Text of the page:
Have a publication yourself, or know someone who does, where this would be perfect? Point them to this page for more information, and thanks!

The Associated Press obit of Robert Conrad, noted below this week’s Honorary Unsubscribe, had this note at the bottom: “Bob Thomas, a long-time and now deceased staffer of the Associated Press, was the principal writer of this obituary.”

It seems like a “Wait, what?” sort of thing, but it’s quite common for larger news organizations to have pre-written obits for celebrities, politicians, and other notables so that when they die, they can quick pull out the file obit, add a few details about the specific event, and get it out quickly. It’s also someone’s job to go through the file and update the pre-written from time to time. AP didn’t go into any such detail, but now you know.

Subscriber Karl in California enjoyed last week’s lead story about the confusion around the “Corona beer virus” in Google searches. Karl notes that he has a medical condition that takes him to the E.R. more than the average human, and says, “The doctor in the emergency room was amused by my [saying] I’ve heard coronavirus is much better with a wedge of Lyme disease.” The medical director for our EMS agency gave a brief talk on the coronavirus(now officially named COVID-19) this week, so I laid the joke on him. He also got a good laugh out of it. By the way? The common cold is also a corona virus (in the family Human coronavirus 229E). It’s worth keeping an eye on this new one, but it’s not worth a panic.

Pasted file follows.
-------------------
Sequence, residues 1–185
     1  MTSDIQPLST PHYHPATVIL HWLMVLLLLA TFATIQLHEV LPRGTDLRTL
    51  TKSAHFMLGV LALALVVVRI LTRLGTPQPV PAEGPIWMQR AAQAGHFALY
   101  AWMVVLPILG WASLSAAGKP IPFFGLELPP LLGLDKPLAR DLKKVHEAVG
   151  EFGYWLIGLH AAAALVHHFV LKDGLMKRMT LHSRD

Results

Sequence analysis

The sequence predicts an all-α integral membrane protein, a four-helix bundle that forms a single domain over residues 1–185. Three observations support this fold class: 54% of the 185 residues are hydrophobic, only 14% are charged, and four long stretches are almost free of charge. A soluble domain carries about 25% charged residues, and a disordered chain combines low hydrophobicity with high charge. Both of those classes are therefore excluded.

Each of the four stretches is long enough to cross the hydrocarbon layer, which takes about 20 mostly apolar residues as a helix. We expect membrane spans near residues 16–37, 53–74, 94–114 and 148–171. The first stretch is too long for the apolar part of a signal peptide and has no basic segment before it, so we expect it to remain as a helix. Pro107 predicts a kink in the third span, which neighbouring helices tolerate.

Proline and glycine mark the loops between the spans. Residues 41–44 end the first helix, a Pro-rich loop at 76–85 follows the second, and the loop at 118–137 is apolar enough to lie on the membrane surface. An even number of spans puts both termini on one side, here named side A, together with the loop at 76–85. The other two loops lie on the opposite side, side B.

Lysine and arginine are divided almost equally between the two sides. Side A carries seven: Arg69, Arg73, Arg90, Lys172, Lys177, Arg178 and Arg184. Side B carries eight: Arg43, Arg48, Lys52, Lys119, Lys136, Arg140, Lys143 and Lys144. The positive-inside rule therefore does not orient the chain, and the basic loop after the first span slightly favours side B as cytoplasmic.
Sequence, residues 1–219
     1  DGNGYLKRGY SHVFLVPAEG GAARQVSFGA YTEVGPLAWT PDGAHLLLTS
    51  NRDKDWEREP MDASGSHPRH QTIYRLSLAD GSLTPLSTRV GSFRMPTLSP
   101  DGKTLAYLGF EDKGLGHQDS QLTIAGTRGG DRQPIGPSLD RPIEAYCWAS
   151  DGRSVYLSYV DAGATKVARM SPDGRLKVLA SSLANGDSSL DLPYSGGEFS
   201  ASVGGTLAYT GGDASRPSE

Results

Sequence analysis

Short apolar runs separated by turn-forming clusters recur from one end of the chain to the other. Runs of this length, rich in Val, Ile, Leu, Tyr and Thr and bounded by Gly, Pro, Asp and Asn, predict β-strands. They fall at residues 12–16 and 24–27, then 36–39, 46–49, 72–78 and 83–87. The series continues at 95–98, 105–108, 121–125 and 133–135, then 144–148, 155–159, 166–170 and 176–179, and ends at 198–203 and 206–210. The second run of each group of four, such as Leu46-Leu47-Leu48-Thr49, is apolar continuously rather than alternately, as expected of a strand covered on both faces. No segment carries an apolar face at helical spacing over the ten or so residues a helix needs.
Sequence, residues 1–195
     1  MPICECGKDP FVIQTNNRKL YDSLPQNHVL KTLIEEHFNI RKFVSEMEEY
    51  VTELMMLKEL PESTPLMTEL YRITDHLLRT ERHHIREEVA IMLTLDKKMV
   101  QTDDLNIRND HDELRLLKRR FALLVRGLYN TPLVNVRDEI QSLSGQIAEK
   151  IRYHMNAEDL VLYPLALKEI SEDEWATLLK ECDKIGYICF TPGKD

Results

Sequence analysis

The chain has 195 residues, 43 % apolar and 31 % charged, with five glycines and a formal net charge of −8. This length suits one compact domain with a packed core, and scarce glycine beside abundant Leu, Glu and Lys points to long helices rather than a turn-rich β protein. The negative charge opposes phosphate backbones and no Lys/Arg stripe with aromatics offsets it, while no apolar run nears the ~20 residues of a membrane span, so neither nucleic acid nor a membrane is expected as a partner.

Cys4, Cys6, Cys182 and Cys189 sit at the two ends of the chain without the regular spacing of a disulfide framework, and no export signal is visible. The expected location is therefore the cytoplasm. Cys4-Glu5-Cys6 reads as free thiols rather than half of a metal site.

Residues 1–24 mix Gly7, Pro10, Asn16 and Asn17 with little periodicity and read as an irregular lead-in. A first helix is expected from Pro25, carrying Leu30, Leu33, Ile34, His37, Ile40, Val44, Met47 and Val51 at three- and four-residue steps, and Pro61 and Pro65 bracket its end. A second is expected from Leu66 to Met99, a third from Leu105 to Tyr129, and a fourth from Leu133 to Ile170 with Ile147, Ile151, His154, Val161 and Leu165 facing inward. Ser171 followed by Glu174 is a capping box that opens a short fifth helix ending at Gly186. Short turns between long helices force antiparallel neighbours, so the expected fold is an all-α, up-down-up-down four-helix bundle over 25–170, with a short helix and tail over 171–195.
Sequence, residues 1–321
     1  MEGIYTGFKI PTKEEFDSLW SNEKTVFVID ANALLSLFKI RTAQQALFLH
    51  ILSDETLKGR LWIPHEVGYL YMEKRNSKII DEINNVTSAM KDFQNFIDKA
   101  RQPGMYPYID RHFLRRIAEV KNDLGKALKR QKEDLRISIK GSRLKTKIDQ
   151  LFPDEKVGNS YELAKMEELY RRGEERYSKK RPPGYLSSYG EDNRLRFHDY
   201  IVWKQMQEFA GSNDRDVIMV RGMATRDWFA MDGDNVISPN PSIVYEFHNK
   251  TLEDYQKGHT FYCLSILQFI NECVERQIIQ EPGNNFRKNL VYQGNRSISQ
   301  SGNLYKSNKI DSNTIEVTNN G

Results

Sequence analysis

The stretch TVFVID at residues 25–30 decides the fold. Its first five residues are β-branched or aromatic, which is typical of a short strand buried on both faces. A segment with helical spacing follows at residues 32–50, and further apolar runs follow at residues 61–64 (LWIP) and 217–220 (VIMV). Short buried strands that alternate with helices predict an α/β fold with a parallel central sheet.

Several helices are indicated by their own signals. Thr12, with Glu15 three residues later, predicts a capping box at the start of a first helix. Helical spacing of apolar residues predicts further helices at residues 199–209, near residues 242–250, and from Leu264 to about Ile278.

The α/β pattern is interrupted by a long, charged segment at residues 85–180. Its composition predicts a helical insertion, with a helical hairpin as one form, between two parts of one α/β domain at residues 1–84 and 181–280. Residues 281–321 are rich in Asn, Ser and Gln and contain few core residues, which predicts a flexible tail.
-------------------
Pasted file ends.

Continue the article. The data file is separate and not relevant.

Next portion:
My Answer To Alexander’s question, “And where would most Americans place the state of Baden-Württemberg on a map of Germany?” is, “Probably somewhere in the vicinity of Romania.” Although many wouldn’t even get that close....

To be honest, while I could get Germany, France, and a number of others, I wouldn’t be able to accurately label a blank map of all of Europe just with country names, in part because that was never something that was even discussed in my schooling. So label German states on a blank map? Yeah, not going to happen. I had to look it up to see there are 16 of them....

No Uncommon Sense Podcast episode this week: I was on travel for 8 days, and something had to give. A pretty energizing trip this time, rather than a tiring one. If you’d like a good episode to listen to, make sure you’ve heard (or read the transcript) of the early (#11) episode, We Need Better Heroes. It’s a historical story wrapped in a recent one: the one-twopunch will blow you away.